An Associated Press review shows the highest consumers of Idaho’s drinking water aren’t the people taking long showers, using their dishwasher or even those turning on their hoses for a green lawn. Instead, on a daily average, the state’s precious resource is being used the most for irrigation and aquaculture.
According to data from the U.S. Geological Survey, Idaho’s top counties consuming the most drinking water are in southern Idaho, away from the state’s more populated regions and in the heart of the state’s deserts in the southern half. Top counties include Twin Falls, Jerome, Jefferson and Gooding counties.
Twin Falls County withdraws an estimated 962 million gallons a day for irrigation and 470 million gallons a day for aquaculture uses. In total, the county uses 1,461 million gallons of water. For comparison, a good-sized bathtub holds 50 gallons, and a million gallons would be 20,000 baths.
Idaho’s relatively low population and high rural makeup has meant that the state hasn’t had to build and maintain multiple large drinking water infrastructure systems. The state currently only has one such system, in Ada County, the state’s most populated county.
Yet that hasn’t meant Idaho doesn’t have a need to keep up maintaining its own drinking water system.
As a whole, Idaho trails the rest of the nation in money received from the federal government to help municipalities provide clean drinking water and sewage system. Still, the state has roughly $6 million sitting unspent after receiving around $178 million over five years from the U.S. Environmental Protection Agency.
Furthermore, the state has set aside more than a quarter of the federal funding — roughly $45 million — for projects outside of improving drinking water infrastructure. That set aside money is used to help keep track of water systems across the state, said Tim Wendland with the Idaho Department of Environmental Quality.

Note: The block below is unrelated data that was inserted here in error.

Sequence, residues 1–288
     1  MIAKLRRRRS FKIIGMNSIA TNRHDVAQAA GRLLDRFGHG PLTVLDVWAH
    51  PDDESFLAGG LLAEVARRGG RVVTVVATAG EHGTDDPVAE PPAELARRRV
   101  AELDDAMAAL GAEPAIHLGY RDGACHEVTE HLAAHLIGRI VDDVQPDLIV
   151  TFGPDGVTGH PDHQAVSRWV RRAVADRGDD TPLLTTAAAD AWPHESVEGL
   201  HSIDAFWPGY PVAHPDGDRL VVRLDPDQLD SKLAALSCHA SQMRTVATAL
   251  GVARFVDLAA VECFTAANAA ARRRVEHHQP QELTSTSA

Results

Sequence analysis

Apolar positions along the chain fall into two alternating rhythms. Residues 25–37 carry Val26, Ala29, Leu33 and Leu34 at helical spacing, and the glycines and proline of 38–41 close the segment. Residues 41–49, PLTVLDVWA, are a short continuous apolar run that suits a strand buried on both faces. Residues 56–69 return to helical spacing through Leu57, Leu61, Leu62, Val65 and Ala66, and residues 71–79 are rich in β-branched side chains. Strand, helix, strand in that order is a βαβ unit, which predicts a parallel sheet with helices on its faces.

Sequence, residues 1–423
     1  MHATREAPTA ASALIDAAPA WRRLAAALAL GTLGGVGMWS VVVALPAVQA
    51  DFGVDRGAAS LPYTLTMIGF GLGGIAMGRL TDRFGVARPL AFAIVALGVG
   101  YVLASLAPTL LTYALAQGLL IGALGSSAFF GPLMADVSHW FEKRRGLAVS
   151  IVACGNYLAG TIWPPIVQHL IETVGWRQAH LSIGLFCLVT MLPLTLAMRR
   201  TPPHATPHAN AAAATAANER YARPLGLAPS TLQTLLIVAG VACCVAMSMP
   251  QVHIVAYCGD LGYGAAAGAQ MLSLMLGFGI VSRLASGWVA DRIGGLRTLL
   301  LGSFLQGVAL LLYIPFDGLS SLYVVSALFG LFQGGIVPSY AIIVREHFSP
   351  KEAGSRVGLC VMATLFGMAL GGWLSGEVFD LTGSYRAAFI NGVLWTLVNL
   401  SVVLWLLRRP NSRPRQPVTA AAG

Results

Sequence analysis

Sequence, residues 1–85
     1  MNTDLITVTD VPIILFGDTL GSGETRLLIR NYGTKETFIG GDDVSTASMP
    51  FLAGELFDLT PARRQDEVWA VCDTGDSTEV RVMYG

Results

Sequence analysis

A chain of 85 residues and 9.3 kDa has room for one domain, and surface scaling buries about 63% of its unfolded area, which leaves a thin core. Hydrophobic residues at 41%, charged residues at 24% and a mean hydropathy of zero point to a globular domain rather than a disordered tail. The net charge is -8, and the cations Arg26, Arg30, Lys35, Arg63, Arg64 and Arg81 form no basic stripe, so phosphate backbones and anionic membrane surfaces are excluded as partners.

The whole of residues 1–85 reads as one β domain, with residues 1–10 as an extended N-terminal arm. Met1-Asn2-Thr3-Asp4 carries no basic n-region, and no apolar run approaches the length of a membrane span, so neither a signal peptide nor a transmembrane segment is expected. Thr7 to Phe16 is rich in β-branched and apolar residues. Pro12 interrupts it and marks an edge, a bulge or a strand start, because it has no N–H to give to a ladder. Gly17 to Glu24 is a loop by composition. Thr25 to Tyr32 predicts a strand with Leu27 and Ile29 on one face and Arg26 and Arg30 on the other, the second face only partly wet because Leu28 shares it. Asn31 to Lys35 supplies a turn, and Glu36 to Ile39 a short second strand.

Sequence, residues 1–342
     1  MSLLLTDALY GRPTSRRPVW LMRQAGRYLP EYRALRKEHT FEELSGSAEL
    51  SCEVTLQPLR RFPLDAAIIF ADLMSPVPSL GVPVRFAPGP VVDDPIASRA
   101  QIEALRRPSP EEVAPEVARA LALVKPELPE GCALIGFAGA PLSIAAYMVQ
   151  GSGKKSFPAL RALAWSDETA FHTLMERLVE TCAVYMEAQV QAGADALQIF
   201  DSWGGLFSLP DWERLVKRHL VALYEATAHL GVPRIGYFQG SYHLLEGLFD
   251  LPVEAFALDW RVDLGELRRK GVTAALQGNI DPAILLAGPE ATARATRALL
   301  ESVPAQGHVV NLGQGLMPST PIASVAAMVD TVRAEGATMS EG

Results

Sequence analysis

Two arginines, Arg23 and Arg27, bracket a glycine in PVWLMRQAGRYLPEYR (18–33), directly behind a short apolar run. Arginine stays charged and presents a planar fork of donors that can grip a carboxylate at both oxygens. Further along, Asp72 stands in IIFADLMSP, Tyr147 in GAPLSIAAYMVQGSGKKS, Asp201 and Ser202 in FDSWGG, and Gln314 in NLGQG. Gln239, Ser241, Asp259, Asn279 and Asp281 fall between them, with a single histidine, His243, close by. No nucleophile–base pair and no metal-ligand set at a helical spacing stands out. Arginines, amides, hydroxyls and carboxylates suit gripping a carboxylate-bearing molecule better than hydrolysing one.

“We’re such a small state, population wise, we don’t qualify for much more than the minimum federal amount,” he said.
Those federal dollars are given to the state to give to municipalities as loans to improve its water infrastructure. But despite the state’s high irrigation and aquaculture use, the majority of projects cities and counties seek out the federal funds is typically for pipe replacement. Even in Ada County, home to the state’s lone large water system, doesn’t even ask the federal government for loans for infrastructure improvement projects.
Rather officials use commercial market rather than the feds, Wendland said.
In other areas, though, the loans are valuable for emergencies. Most recently, the city of Ketchum requested a federal loan to replace their 70-year-old redwood pipes that lined its drinking water system.